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Your Environment. Your Health.

Progress Reports: Dartmouth College: Arsenic as an Endocrine Disrupter

Superfund Research Program

Arsenic as an Endocrine Disrupter

Project Leaders: Joshua W. Hamilton (Marine Biological Laboratory), Joshua W. Hamilton (Marine Biological Laboratory)
Grant Number: P42ES007373
Funding Period: 1995-2014

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Progress Reports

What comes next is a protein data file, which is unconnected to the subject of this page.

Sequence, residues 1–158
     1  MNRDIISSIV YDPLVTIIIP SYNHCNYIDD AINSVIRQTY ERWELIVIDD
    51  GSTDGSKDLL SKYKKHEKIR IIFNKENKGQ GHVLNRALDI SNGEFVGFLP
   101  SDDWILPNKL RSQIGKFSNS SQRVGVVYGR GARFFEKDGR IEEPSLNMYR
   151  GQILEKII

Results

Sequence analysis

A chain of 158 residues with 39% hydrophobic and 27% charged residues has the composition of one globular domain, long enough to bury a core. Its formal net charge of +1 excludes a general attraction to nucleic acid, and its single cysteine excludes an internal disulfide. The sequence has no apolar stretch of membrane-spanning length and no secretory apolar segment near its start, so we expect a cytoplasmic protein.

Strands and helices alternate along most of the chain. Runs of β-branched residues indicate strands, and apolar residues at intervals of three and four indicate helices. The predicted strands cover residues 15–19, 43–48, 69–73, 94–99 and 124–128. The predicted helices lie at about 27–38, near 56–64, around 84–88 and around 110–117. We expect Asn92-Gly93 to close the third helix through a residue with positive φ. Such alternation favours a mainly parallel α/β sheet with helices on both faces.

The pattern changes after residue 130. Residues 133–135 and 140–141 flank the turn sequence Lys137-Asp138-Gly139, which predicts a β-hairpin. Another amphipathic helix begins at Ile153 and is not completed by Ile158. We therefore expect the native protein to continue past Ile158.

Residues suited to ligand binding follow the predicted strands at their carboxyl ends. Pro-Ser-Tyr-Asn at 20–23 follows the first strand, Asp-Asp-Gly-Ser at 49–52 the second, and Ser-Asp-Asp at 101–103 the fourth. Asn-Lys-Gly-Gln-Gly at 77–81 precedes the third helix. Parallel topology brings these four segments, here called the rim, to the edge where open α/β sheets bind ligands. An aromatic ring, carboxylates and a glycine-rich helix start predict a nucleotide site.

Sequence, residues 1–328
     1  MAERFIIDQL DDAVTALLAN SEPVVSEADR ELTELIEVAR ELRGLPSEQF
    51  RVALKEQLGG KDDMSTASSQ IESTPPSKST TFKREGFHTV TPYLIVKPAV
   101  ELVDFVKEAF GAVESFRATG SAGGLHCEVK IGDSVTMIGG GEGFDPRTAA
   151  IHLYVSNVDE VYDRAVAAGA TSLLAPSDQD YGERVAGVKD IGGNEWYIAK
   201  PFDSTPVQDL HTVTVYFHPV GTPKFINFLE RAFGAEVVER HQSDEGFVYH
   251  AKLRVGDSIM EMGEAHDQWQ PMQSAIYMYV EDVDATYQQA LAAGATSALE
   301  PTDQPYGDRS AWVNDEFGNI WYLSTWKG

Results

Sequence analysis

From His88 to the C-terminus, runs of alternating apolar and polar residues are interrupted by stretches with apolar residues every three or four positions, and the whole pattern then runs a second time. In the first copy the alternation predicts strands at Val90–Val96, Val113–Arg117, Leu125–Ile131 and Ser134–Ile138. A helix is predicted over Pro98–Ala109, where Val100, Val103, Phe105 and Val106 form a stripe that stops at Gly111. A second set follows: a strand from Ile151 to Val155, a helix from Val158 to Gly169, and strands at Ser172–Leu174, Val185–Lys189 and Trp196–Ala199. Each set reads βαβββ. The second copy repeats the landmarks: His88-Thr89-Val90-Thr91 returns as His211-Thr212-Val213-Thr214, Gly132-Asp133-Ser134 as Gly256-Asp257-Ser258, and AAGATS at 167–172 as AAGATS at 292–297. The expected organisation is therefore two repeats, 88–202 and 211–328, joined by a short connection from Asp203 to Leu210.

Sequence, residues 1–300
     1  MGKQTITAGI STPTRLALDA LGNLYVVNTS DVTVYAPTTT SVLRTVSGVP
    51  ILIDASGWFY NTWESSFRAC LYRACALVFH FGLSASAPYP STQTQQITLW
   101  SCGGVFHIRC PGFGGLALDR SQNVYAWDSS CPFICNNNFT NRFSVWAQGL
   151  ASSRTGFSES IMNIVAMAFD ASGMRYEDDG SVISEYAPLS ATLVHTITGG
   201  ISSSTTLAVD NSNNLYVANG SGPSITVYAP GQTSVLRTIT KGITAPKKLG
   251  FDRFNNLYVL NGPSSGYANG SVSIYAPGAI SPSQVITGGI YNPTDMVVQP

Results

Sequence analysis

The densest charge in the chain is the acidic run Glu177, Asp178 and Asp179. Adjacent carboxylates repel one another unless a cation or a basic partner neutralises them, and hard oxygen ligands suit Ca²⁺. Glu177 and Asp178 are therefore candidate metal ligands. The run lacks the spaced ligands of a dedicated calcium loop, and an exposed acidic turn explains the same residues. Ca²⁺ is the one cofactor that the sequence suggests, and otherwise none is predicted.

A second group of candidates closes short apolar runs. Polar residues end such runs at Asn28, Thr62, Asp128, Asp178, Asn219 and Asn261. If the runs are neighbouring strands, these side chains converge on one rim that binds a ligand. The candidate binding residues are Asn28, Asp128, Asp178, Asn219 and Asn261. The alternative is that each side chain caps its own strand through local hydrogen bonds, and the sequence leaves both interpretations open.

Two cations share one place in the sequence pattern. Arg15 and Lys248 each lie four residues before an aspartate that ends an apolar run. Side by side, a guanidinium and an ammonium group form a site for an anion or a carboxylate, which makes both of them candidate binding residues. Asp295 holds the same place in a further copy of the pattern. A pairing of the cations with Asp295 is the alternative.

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Dr. Joshua Hamilton’s research group first reported in 2001 that arsenic acts as potent endocrine disruptor, and work continues to focus on two aspects of this effect.  The first research goal is to determine the mechanistic basis for these effects, focusing on the cellular and molecular levels.  The second is to determine the patho-physiological consequences of such endocrine disruption, and the overall role such effects play in the ability of arsenic to increase risk of the myriad of chronic and deadly diseases with which it has been associated in epidemiological studies. The group has shown that arsenic profoundly affects the function of all five steroid hormone receptors, i.e., those for glucocorticoids, mineralocorticoids, androgen, estrogen and progesterone, in a very similar manner; as well as the type 2 nuclear hormone receptors for thyroid hormone and retinoic acid.  It is likely, based on these results to date, that the mechanism for these arsenic effects involves a shared pathway or regulatory machinery given the lack of absolute structural homology among these diverse proteins.  In addition, these results suggest that many other nuclear hormone receptors may be affected similarly by arsenic.  Given the myriad of functions that these receptors and their hormones modulate in normal human biology, as well as the many diseases in which they have been shown to play a fundamental role, it is hypothesized that this is one of the major pathways by which arsenic increases the risk of various cancers, heart and vascular disease, reproductive and developmental problems, diabetes, and the growing list of other diseases associated with arsenic exposure.  These results also predict that there will be human health effects at drinking water levels of arsenic at or below the current U.S. drinking water standard of 10 ppb since these effects were observed at levels far below 10 ppb in cell culture and at or below this level in several in vivo models. Current work is focusing specifically on identifying the target(s) for these effects at the cellular and molecular level.  The researchers have also examined the consequences of such disruption in several model in vivo systems, and previously demonstrated that arsenic at very low levels disrupts thyroid hormone-mediated metamorphosis in a frog tadpole model (JC Davey et al., Environ Hlth Perspect 116:165-172, 2008), and that it profoundly alters glucocorticoid receptor-mediated regulation of the CFTR protein, a chloride channel that regulates salt balance in the model fish, killifish, and also in human lung. Toxicogenomics studies in mice revealed new understanding of patterns of altered gene expression by low-level drinking water arsenic in lung and liver (CD Kozul et al. Chem-Biol Interact 173:129-140, 2008; CD Kozul et al. manuscript submitted 2008; JC Davey et al., manuscript in preparation 2008).  Further, project researchers recently discovered that low level drinking water arsenic has profound and tissue-specific effects on innate immune response in mouse lung (CD Kozul et al., manuscript submitted 2008; CD Kozul et al., manuscript in preparation 2008) which may explain why arsenic is able to affect long-term of various lung diseases in exposed populations even decades after cessation of exposure.  The long-term goal is to understand and prevent or ameliorate arsenic-induced human health impacts.

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